I’ve discovered that that idea translates to grownups, too. I really believe that you can’t really see your world by sitting still (or upright). To see a thing (or a problem) properly, you have to get up, walk around it, squat down, close one eye and then move to the other side. The way an artist stalks around his model, squinting at her from every angle before attacking the canvas is, I firmly believe, how you need to tackle your life. I used to think that summing up what you’ve done and where you thought you were going—almost as if you had sixty seconds on the Oprah Winfrey program to tell the world about who you were—was an effective way to get a snapshot of your life. Kind of like the famous thirty-second elevator speech we’re all supposed to have. But like a lot of things that sound too easy, I don’t think a simple statement can cut it. I’ve come to believe that the effort of standing up and moving about your life to get a better view of it is essential. I bring this up for two reasons. One, I just read an awesome piece by Claudia Welch in this month’s Romance Writers Report called “Playing with a Full Deck” where she talks about identifying theme in your novels. She says, basically, that beyond the specific, obvious, theme which is evident in any one particular book, if you look at your work as a whole—all your series, your short stories, your stand-alones—you’ll find a theme that comes from the very heart of who you are and one that shows up in all your books in some form or another. I loved this exercise and was astounded to realize that all my books have me putting my protagonist on foreign soil or in an alien environment of some kind. I clearly have a “fish out of water” focus that finds its way into all my books. Now, the reason for that isn’t too earth-shattering (I’m an ex-military dependent and moved about the world relentlessly as a kid), but the fact of it, was. Knowing yourself and what drives you is always helpful when it comes to your work.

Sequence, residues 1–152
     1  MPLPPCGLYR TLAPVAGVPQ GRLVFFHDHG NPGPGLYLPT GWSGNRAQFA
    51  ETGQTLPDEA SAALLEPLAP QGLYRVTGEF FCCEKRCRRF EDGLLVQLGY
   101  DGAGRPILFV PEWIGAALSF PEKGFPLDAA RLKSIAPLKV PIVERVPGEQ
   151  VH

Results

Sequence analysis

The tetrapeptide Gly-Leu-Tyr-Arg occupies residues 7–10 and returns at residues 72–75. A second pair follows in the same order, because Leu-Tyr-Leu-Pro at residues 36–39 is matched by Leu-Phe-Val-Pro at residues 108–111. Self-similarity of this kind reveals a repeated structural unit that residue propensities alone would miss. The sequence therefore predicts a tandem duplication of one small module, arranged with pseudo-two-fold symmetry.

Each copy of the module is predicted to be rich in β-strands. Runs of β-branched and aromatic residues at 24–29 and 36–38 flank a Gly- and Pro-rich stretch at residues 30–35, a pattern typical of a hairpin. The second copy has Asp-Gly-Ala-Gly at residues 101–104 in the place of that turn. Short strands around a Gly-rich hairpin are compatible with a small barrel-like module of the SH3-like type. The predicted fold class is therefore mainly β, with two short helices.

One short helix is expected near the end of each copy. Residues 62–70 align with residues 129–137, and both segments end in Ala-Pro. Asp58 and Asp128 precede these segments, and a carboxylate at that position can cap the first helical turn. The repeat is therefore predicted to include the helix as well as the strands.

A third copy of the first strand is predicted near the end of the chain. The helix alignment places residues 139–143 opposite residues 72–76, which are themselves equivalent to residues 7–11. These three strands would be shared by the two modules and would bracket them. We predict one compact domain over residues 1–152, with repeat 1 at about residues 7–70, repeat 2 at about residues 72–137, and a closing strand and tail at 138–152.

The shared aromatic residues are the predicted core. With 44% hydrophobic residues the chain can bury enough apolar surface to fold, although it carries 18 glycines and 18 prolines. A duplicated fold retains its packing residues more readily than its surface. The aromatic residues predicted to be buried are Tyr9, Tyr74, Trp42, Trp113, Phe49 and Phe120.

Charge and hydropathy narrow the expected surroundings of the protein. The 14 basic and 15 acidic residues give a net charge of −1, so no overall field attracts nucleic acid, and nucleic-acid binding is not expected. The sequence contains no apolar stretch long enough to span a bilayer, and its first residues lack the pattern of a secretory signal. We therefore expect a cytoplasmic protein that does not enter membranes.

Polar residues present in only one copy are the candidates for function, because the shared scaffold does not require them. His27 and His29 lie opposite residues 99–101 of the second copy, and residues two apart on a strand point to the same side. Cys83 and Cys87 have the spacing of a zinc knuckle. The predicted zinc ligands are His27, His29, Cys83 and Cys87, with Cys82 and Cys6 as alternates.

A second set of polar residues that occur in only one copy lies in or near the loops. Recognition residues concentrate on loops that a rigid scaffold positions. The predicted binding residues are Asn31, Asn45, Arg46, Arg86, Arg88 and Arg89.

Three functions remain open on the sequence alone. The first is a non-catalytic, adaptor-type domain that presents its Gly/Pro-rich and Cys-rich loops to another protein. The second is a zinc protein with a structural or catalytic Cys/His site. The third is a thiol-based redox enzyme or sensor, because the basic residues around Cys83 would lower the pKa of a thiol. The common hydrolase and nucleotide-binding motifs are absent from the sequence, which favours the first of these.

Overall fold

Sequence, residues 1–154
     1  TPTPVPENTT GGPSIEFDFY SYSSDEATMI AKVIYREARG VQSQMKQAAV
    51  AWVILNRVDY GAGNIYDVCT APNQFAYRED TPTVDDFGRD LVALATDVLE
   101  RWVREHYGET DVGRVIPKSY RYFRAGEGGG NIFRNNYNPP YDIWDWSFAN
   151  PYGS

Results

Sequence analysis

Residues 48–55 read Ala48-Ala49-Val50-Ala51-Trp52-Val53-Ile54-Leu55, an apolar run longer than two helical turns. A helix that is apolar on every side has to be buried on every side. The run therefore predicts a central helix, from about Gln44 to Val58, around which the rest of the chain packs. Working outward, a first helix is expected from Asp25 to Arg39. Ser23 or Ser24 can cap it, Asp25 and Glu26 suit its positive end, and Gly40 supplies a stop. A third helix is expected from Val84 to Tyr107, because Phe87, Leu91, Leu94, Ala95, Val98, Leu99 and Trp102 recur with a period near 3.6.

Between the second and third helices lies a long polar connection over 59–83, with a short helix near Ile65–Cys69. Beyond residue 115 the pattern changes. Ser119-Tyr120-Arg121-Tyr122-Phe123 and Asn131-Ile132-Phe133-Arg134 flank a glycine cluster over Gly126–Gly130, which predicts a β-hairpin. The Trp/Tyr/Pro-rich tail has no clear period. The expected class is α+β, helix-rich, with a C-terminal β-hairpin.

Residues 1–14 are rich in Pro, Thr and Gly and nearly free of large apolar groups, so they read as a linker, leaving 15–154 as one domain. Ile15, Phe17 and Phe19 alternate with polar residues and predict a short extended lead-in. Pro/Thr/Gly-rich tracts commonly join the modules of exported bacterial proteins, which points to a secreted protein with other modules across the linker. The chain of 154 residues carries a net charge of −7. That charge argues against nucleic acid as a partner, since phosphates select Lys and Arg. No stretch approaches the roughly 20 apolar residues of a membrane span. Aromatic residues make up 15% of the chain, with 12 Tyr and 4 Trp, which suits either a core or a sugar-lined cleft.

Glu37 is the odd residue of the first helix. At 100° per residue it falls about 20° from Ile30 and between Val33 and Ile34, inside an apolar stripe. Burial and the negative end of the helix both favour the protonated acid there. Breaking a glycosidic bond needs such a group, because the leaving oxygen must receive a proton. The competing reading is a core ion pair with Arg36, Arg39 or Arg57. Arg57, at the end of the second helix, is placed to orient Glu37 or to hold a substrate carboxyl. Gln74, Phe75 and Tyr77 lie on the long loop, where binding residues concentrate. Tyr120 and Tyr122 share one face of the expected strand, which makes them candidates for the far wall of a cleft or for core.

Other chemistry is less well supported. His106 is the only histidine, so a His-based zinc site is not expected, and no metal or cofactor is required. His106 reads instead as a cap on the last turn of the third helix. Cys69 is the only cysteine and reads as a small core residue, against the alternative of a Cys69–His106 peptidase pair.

Looking down on the town of Freiberg, Germany

The other reason has to do with the fact that I just got back from an overseas trip with my husband and that now seventeen year old baby, and the experience impressed upon me yet again the amazing benefits of travel for perspective in your life. I asked my husband when we got back if he thought he might do things differently in his daily round now that we were back and he replied: “Of course.” See, it really is that obvious. It’s like stepping out of your body, out of your present lifestyle and being able to see, almost clinically, how you live “back home.” And that’s important because until you take the emotion out of it, until you step away and view it from an alternative perspective, you can’t see how many short cuts you’ve started to take, or how many habits you’ve created that don’t work.  I hope my new point of view of how I live stays with me. But if it doesn’t, I know where I can buy a plane ticket to get it back again.

Time Travel Made Easy

When you think about some of the reasons we read, I believe that being transported to another world must rank pretty highly. For me, anyway. I don’t dislike my life but I do love to escape to  places very different from it. This visit to a different world  coincides with my interest in time travel—something I  can’t easily do with a Delta Airline ticket but I can do with, say, any of Diana Gabaldon’s titles!

On the other hand, there have been a few counties in my life that were awesomely exotic to visit and also, in a small way, offered a taste of the experience of a different time, too. No offense to France or New Zealand—two of my most favorite countries in the world and two through which I’ve traveled extensively, but, at least in the sixties and the eighties, travel to either country could  easily make you feel as if you’d traveled back in time about twenty years. Depending on where you travel in France or NZ, you still can. (I have Kiwi friends who tell me today (with some annoyance) that times have changed and they have all the same GAP stores that I do in Atlanta.)

But my point is that there was a time, when I lived in New Zealand in the mid-eighties where I felt like I’d been dropped into an episode of Masterpiece Theatre. And we’re talking one of their Victorian period piece set dramas, not Inspector Lewis. While it’s true I’d spent the last five years living in a shopping mecca with easy access to Nordstroms, Macy’s, Saks Fifth Avenue and the like, when I moved to Auckland there was only one department store (called Farmers) in the whole of the largest city of the country, and that looked like it’d been plucked from Macon, Georgia. In the mid 1950’s.